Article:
He said his perspective and the nature of his work changed when he started seeing the people he served as God’s image-bearers, and the community he served as a special place with unique assets, with a history and culture that he should respect. He came to realize, he said, that “Jesus was in the West End neighborhood long before we got there.”

James Whitford, True Charity’s founder, told the group that for a community to flourish it needed three things: freedom, vision, and purpose.

Freedom includes financial and physical freedom, but it also includes spiritual freedom, he said. Any charitable work that does not include a spiritual component is destined to fail. To those who thought of “freedom” merely as a political slogan, he reminded the group that scripture says, “It is for freedom that Christ set us free.” (Gal. 5:1)

Whitford and the other speakers also spoke repeatedly about the value of work. The creation story tells us that God is a worker, and if we are made in His image, we should be workers too. “Work unleashes worth” is an expression I heard more than once at the True Charity conference.

The final general session speaker for the event was Amy Sherman of the Sagamore Institute and author of the book Agents of Flourishing.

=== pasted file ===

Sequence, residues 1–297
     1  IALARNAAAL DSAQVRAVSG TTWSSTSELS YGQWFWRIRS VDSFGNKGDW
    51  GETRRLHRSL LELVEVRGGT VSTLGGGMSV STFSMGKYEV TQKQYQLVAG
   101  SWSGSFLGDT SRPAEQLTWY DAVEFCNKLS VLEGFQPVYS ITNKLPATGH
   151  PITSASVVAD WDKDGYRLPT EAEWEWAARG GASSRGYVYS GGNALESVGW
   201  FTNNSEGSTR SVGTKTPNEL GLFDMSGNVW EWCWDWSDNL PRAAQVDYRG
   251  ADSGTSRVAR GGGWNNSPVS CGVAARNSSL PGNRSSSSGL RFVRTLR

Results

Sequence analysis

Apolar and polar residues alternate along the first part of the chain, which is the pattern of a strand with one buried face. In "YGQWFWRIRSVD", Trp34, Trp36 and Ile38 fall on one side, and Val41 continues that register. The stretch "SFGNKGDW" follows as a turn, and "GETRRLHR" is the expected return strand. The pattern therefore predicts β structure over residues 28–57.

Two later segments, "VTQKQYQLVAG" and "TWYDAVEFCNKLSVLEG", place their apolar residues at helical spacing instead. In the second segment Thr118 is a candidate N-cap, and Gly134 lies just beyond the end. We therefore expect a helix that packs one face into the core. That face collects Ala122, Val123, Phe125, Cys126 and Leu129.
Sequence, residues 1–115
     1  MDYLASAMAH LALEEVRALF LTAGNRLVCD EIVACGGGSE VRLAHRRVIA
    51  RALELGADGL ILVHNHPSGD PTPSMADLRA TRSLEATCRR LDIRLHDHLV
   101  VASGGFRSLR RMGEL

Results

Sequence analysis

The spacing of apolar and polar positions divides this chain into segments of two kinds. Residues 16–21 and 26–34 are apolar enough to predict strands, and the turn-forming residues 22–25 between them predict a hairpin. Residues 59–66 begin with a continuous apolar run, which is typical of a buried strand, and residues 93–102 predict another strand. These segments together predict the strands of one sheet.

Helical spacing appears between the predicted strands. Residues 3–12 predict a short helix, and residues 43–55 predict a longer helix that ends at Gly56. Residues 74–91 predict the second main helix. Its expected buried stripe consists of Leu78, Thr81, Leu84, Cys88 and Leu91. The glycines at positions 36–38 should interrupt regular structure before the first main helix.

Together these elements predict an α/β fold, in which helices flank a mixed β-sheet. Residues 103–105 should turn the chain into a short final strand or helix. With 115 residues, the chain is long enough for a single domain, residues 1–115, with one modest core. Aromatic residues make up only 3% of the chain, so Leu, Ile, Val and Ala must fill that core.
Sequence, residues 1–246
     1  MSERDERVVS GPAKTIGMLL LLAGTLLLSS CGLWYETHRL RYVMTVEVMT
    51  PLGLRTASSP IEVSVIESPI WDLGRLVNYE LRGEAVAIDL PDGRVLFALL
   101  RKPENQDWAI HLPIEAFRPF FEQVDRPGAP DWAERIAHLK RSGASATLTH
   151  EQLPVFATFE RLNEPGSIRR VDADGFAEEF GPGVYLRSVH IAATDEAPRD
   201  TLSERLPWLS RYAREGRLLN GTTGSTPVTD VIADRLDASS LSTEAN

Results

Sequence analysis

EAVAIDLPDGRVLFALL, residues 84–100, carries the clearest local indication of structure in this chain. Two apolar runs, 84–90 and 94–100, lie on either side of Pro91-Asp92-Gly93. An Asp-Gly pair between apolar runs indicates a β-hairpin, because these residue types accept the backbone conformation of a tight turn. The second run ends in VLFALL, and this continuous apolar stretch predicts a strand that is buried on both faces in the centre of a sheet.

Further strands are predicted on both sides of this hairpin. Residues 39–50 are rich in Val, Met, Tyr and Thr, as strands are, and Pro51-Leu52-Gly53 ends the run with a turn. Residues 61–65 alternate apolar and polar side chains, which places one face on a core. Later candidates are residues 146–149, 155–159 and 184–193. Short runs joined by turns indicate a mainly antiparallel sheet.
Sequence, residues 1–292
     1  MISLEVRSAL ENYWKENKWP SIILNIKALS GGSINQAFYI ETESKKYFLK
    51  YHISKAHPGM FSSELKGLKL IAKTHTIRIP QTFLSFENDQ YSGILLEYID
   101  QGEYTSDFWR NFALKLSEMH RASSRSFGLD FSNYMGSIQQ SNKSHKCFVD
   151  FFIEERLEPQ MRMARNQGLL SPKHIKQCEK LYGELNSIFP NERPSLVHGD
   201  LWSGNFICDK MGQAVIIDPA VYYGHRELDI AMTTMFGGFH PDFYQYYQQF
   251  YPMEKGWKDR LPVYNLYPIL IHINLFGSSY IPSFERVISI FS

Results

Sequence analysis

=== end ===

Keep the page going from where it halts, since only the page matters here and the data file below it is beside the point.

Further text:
She began her talk with a Bible verse that many in the room used in their mission statements and even in their fundraising appeals. That verse, Jeremiah 29:7, says, “Seek the peace and prosperity of the city to which I have carried you into exile. Pray to the Lord for it, because if it prospers, you too will prosper.”

She said that this verse reveals God’s “good, compassionate, missional heart.” She reminded us that this verse was spoken to a people in exile, and that we should “seek the flourishing even of our enemies.” She said that this verse also teaches that “peace and prosperity” go hand in hand, and that prosperity is a result of “peace with God, with self, with others, with the world.”

The True Charity network has grown dramatically in the past few years. This year’s conference was the largest ever. But Whitford says this is just the beginning. In five years, he hopes to have one thousand members – a five-fold increase.

That is an ambitious goal, but if last week’s conference is any indication, there is a hunger for the ideas that True Charity is promoting. There seems to be a growing consensus that the old ways of helping the poor are not helping at all, but are in some ways hurting them, our communities and cities, and the nation. A growing number of people are looking for new ways.

According to Whitford, “There has never been so important a moment in our history to provide just and effective alternatives to state welfare, to empower and ennoble the poor, and to take up the mantle of true and effective charity.”


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Warren Cole Smith

Warren previously served as Vice President of WORLD News Group, publisher of WORLD Magazine, and Vice President of The Colson Center for Christian Worldview. He has more than 30 years of experience as a writer, editor, marketing professional, and entrepreneur. Before launching a career in Christian journalism 25 years ago, Smith spent more than seven years as the Marketing Director at PricewaterhouseCoopers.